EMS staffing shortage leads to units closing down on Oahu


EMS units on Oahu are forced to shut down regularly because there aren’t enough workers, and it’s raising serious concerns about public safety. 

Added on to problems with old ambulances that are breaking down, some are calling it an emergency medical care crisis.

Workers say something needs to be done right now because it’s creating a domino effect. The shortage is burning them out, leading to more workers calling in sick.

A message was sent out to all EMS workers Sunday saying, “For tomorrow Monday March 25 we are looking for 13 people on the midnight shift to avoid closing multiple units.” 

Paramedics say this has become routine. In many cases, they’ve been forced to work past their 12-hour shift and instead wind up working 16 to 18 hours.

“Because of those excessive hours, people are calling in sick cause they’re actually physically becoming sick, which results in shutting down ambulance stations,” said a worker who did not want to be identified.

KHON2 has spoken to several workers who said the same thing. Six units were closed overnight, four units were closed the night before. That’s out of the 21 units island wide.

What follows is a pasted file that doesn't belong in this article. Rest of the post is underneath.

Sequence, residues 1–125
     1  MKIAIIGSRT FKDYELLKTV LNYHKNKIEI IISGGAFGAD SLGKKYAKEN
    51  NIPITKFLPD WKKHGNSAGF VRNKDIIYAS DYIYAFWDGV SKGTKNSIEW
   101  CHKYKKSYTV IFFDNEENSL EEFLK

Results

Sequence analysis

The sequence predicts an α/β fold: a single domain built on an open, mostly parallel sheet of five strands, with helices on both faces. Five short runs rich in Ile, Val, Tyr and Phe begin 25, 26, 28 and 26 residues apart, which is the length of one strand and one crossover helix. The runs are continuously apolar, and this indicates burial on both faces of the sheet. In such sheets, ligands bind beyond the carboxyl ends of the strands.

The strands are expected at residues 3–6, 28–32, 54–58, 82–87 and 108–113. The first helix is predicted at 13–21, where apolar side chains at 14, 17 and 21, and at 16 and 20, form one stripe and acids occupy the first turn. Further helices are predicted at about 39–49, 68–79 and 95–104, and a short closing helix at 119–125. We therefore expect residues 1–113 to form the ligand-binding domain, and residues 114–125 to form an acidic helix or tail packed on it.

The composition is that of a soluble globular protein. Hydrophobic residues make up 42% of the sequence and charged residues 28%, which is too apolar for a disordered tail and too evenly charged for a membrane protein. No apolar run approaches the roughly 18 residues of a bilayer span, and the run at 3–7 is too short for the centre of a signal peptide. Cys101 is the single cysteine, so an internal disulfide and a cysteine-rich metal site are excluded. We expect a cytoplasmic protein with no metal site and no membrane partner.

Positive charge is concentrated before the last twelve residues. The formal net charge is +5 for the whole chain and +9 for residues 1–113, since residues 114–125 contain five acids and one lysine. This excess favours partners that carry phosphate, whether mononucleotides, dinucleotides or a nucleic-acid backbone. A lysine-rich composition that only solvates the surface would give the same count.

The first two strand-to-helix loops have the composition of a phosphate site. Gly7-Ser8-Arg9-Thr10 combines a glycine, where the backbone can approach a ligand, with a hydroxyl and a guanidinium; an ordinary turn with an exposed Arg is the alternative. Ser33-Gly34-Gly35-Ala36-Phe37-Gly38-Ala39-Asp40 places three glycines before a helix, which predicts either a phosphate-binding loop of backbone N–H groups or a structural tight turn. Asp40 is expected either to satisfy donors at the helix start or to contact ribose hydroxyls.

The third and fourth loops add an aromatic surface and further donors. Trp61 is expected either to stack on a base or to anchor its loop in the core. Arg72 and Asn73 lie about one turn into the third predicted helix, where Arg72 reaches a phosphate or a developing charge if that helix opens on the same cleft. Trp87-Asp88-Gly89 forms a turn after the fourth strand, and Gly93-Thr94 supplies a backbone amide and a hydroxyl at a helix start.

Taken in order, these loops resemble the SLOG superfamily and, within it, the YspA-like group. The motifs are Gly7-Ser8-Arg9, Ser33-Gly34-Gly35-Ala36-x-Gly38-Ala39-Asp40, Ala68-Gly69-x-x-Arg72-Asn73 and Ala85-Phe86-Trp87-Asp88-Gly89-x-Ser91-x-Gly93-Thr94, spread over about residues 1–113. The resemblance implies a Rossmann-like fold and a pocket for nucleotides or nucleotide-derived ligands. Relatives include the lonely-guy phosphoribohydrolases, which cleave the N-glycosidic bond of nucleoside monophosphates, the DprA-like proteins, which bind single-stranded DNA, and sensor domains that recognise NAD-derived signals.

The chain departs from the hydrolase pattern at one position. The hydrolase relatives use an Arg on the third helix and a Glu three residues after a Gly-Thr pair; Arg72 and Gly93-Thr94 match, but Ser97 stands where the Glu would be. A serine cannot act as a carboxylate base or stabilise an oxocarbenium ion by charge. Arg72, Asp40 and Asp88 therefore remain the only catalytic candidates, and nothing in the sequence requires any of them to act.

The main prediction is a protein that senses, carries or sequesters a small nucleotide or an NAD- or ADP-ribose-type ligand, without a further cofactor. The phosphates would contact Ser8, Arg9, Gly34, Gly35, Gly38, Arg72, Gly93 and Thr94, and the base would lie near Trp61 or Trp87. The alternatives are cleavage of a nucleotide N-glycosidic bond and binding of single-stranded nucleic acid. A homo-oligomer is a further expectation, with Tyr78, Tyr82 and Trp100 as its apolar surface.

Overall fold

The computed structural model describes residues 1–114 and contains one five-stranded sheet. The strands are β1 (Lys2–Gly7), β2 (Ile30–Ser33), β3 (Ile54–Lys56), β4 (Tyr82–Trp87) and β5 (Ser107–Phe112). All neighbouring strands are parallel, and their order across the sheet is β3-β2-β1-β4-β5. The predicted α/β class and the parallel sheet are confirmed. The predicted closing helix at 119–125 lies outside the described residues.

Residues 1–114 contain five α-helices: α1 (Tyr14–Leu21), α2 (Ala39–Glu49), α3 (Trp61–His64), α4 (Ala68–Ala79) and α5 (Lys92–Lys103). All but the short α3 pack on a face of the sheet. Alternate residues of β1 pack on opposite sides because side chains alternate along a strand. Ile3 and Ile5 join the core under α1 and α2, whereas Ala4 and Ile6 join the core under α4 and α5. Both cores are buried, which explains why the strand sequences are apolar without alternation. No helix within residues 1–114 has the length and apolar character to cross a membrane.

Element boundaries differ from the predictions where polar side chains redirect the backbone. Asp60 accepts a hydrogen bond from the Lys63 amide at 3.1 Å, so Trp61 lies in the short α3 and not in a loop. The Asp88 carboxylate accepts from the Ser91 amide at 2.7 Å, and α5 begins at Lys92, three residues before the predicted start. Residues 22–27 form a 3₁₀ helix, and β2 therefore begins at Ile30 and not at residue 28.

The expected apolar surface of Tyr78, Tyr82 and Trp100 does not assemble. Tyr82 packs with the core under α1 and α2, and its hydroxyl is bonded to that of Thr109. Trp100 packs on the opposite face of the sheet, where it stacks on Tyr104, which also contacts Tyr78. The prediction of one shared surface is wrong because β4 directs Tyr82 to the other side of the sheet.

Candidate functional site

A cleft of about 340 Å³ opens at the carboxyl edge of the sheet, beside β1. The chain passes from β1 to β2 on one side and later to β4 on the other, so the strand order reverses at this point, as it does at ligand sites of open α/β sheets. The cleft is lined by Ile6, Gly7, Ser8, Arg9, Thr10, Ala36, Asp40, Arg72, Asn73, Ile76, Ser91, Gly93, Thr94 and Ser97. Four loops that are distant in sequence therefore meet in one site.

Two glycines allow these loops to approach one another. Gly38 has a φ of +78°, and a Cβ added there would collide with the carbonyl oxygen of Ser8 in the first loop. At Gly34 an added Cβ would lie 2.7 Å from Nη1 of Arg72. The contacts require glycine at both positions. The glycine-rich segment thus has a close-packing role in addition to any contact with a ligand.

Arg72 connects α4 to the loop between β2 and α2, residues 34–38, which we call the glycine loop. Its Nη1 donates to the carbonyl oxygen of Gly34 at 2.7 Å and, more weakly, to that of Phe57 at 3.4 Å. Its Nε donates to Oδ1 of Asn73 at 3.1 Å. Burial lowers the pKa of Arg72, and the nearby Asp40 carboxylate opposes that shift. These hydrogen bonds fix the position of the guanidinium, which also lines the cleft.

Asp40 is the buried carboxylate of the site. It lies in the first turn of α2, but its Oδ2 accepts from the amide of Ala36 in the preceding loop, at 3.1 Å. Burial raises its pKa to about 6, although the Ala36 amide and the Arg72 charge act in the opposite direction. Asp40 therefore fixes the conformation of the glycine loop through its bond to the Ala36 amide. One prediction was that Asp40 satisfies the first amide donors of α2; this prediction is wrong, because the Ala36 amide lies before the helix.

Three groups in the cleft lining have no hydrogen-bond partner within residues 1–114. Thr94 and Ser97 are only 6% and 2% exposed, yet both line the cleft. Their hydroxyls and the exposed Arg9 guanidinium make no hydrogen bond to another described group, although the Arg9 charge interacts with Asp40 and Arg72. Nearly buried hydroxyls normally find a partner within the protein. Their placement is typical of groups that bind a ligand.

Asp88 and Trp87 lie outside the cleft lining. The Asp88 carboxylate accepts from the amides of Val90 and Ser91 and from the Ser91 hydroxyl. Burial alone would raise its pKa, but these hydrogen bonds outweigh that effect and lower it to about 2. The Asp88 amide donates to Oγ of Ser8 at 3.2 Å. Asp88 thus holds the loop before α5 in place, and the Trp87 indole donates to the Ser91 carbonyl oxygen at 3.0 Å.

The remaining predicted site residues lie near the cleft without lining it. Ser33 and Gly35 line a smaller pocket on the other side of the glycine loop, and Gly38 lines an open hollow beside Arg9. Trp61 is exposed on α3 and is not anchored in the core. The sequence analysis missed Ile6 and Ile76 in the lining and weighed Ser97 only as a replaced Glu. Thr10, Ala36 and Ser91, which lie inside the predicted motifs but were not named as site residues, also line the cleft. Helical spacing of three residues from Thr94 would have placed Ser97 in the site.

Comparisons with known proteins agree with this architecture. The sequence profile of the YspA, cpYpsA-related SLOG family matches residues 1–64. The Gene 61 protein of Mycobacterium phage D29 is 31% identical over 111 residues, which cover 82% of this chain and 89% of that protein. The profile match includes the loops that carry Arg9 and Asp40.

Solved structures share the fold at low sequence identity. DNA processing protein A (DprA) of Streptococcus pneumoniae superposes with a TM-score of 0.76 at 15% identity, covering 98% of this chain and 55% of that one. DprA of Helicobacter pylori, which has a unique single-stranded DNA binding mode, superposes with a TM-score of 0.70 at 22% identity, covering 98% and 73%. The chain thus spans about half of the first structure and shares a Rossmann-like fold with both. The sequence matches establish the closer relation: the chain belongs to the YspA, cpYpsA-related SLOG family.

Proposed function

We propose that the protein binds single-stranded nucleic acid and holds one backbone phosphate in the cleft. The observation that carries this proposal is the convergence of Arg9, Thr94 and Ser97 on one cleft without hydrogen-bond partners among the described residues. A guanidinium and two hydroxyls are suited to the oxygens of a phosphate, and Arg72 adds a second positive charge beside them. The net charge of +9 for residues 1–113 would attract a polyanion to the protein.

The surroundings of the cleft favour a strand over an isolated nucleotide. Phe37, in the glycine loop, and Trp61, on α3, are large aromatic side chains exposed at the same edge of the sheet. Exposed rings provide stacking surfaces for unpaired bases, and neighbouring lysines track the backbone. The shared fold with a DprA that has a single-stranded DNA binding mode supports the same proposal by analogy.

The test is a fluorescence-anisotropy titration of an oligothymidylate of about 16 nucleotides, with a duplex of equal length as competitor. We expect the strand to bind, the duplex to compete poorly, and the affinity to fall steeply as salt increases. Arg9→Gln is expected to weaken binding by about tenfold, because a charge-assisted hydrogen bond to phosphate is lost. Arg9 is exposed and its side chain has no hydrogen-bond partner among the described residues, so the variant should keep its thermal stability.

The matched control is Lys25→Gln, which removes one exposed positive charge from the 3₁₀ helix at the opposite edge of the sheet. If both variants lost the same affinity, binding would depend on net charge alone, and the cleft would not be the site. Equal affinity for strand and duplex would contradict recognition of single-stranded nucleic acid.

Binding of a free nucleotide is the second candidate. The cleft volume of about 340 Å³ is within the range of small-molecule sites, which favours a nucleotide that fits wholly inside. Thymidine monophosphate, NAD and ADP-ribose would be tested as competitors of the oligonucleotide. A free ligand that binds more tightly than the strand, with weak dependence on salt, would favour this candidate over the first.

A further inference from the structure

“The 911 system is taxed. We can’t handle this, we are breaking down right now. We want to do the best we can but with the strain and with the lack of resources, we won’t be able to do our job to the ultimate capacity that we’re trained to do,” said the worker.

EMS crews say management has taken several workers off the field, put them in office positions, and has not replaced them. So workers are getting burnt out and have no choice but to call in sick.

“I don’t want to make a mistake. I don’t want to cause any further injury but you understand that fatigue does kick in at times,” said the worker.

EMS says there has been an increase of units closing in the past few weeks, and adds that EMS calls have steadily been increasing every year. 

Many of the units closed have been in Central or West Oahu, raising concerns for a councilman in the area. And he says we need to add more resources to EMS.

“If we don’t do that, I really believe that our city is facing an emergency medical care crisis and that we will have public health and safety issues and concerns that will have to be addressed in the future,” said Councilman Ron Menor.

EMS adds that it can control approved vacations and time off for training. But when it comes to sick calls, those they can’t control.

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